October 18, 2021 5:30 PM, EDT

Diesel Spikes 8.5¢ to $3.671 a Gallon

Cost of Trucking's Main Fuel Has Risen 26.5¢ in Three Weeks
Diesel pump imageThe national average price for a gallon of diesel costs the most since Nov. 10, 2014. (Getty Images)

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The national average price of diesel continued to surge, spiking 8.5 cents to $3.671 a gallon, according to Energy Information Administration data released Oct. 18.

With that increase, diesel’s price has climbed 19.4 cents a gallon in the past two weeks and 26.5 cents in the past three. A gallon now costs $1.283 more than it did at this time in 2020.

The last time diesel cost at least as much as its current price was Nov. 10, 2014, when it was $3.677.

U.S. On-Highway Diesel Fuel Prices

EIA regional fuel chart

Average cost for a gallon of diesel rose in all 10 regions in EIA’s weekly survey, with the largest being 10.5 cents in California and smallest being 5.9 cents in the Rocky Mountain region.

Gasoline also saw a significant jump, with an increase of 5.5 cents per gallon to reach $3.322. That’s $1.172 more than a year ago.

Demand for diesel is set to surge to its highest since 2018 next year as truckers continue to clear a backlog of deliveries accumulated during the pandemic, according to an EIA report.

EIA predicts diesel consumption, which already has surpassed its 2019 level, will rise an additional 3% to 4.11 million barrels a day next year.

Over the past four weeks ending Oct. 15, distillate fuel product supplied averaged 4.1 million barrels a day, up 8.3% compared with the same period last year. Motor gasoline product supplied averaged 9.4 million barrels a day, up 9.8% compared with the 2020 period, EIA reported.

Product supplied is considered a marker for demand.

The expected increase in 2022 is an indicator that the supply chain crisis rocking companies from Apple Inc. to Toyota Motor Corp. could last well into next year, according to Bloomberg News. Around the California ports of Los Angeles and Long Beach, a gateway for imports of goods from Asia, there’s a backlog of around 100 containerships waiting to discharge cargo ranging from computers to gardening equipment.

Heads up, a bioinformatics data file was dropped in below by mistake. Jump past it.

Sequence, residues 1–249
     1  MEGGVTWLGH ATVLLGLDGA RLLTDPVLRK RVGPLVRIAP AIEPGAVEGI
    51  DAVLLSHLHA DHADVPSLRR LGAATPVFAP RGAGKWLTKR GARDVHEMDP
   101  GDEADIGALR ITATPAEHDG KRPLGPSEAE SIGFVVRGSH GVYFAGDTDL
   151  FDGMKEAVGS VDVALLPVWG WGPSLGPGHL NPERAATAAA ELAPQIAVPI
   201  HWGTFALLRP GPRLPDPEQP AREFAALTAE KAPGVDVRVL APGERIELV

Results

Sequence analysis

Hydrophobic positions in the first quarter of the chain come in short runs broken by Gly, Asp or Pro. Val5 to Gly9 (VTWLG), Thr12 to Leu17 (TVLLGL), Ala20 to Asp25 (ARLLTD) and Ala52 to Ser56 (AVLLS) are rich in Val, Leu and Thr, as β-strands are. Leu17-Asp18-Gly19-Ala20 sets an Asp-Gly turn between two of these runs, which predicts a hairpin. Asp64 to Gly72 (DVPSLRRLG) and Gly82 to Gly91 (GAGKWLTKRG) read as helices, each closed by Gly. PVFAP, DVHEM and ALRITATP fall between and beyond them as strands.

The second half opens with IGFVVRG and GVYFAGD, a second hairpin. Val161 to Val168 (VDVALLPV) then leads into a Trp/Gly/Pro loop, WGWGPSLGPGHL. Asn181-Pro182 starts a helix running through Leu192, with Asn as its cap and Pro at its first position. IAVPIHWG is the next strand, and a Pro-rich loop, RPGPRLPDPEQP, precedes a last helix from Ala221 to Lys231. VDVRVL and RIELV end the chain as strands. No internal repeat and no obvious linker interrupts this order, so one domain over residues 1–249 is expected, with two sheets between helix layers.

Ihsan Abdul Jabbar, oil minister of OPEC’s second-largest producer, and Russia’s President Vladimir Putin both said earlier in October it is possible crude oil prices will hit $100, while the boss of trading giant Mercuria Energy Group Ltd. said prices could reach that level this winter. The talk comes as global oil inventories continue to decline, with analysts forecasting stock draws of about a million barrels a day in the fourth quarter.

West Texas Intermediate crude oil, the industry benchmark, traded on the New York Mercantile Exchange at $83.91 midday Oct. 20 and closed at $82.80. That was up from a close of $80.56 on Oct. 13.

Higher prices for crude oil translate into higher prices for diesel fuel.

Meanwhile, October snowstorms in the west and Rocky Mountain announced winter’s coming.

One trucking expert offered tips on winter operability and diesel fuel.

“Be consistent in your use of a fuel supplier(s) throughout the season to make sure that you are getting the right formulation of deicer/stabilizer additives for your operating environment that are used throughout the cold season, not just when temperatures are extreme,” Jack Legler, technical director of American Trucking Associations’ Technology & Maintenance Council, told Transport Topics.

“Water is not your cold-weather friend; make sure there is none in your system, your trucks as well as on-site storage,” he added.

Jack Legler


Legler provided other tips:

• Change filters early in the season to reduce the chances of clogging due to ice or wax.

• Be careful not to fuel up immediately after fuel is delivered into storage tanks to reduce introduction of moisture or contamination. 

• Be sure that fuel system heaters are functioning at their optimum and keep them in good repair.

• Keep tanks full overnight when there are significant swings in temperature and drain fuel/water separators frequently to reduce the chances of ice formation.

• Be careful if fueling in a warm climate immediately before a trip into a cold one. The fuel may not be formulated for harsh winter conditions.

• Make sure whoever is selling you fuel is paying attention to these factors as well.

Legler said, “My usual advice is go to TMC RP [recommended practice] 341A, Diesel Additive Functionality Groups & Winter Operability Guidelines; RP 356A, Cold Flow Operability of Diesel Fuel; and RP 357A, Biodiesel Blended Fuels. They are an excellent set of resources for understanding diesel fuel additives and winter operability.”

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